Dissident dissonance

Investigation by Éric Mangion

Summary

On January 1, 2016, Chinese artist and dissident Ai Weiwei announced his intention to create a memorial on the Greek island of Lesbos in honor of refugees crossing the Mediterranean. “A lot of people have lost their lives under the waves […] we need a memorial,” he told during a press conference. A few weeks later, a photo taken by Indian Today reporter Rohit Chawla floods the media and online social networks. It shows the body of Ai Weiwei lying on his stomach, facing the sea on that very island of Lesbos. The image refers to Aylan Kurdi, the Syrian child whose lifeless body was found washed ashore on a Turkish beach on September 2, and whose death elicited an outpouring of emotion worldwide. Yet Ai Weiwei’s photo disturbs in that elicits no compassion whatsoever. Nothing works in this heavy and indecent staging of Kurdi’s drama, delimiting the often-ambiguous process of an artist who embraces like no other the complexities of his country.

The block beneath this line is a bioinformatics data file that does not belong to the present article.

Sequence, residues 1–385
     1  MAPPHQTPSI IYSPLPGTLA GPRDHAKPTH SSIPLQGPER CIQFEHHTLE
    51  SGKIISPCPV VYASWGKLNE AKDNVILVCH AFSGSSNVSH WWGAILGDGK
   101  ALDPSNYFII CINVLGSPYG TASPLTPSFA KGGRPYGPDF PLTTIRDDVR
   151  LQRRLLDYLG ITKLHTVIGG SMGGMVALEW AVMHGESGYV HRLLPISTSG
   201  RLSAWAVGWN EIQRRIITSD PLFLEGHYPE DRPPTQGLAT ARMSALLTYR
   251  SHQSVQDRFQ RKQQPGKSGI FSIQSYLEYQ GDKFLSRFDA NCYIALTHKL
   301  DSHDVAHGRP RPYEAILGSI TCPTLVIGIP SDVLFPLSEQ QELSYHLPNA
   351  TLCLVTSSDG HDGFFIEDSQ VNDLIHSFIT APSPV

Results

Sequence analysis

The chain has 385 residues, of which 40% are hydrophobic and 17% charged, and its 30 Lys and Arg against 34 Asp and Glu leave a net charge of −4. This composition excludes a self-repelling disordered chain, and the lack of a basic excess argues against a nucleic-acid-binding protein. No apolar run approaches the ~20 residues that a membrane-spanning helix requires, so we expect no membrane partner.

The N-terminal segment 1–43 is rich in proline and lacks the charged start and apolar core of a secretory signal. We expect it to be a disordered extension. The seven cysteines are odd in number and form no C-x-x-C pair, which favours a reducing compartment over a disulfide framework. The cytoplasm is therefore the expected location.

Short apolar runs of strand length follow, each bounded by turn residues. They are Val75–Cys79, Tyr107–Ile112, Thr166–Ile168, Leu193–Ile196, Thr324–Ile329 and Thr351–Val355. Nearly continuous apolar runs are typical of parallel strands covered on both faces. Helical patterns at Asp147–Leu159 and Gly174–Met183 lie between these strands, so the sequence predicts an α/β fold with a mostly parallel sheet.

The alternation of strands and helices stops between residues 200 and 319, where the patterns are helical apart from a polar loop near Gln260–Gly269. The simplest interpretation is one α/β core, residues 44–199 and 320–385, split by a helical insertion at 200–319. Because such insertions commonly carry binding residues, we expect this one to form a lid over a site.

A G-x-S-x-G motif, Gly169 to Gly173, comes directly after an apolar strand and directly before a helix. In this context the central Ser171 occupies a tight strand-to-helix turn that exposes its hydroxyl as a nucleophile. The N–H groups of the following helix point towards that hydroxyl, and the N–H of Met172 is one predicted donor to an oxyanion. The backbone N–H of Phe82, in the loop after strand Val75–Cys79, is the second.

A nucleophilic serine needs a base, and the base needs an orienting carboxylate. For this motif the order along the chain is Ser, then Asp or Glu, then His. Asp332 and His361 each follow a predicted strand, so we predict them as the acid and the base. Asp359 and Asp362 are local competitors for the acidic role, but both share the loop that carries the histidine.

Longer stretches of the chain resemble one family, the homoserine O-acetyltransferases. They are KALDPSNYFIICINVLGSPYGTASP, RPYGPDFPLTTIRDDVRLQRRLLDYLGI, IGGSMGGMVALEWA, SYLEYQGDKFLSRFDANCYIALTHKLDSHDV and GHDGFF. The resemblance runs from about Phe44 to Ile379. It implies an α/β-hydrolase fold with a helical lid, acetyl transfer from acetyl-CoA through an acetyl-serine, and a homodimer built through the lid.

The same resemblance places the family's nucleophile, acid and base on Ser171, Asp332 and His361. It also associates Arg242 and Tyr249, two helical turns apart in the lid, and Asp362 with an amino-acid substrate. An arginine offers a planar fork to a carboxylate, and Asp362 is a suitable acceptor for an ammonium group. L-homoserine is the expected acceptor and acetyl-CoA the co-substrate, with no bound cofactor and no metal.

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Younes Baba Ali, art et activisme en Belgique
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Art et engagement. Une enquête en Belgique

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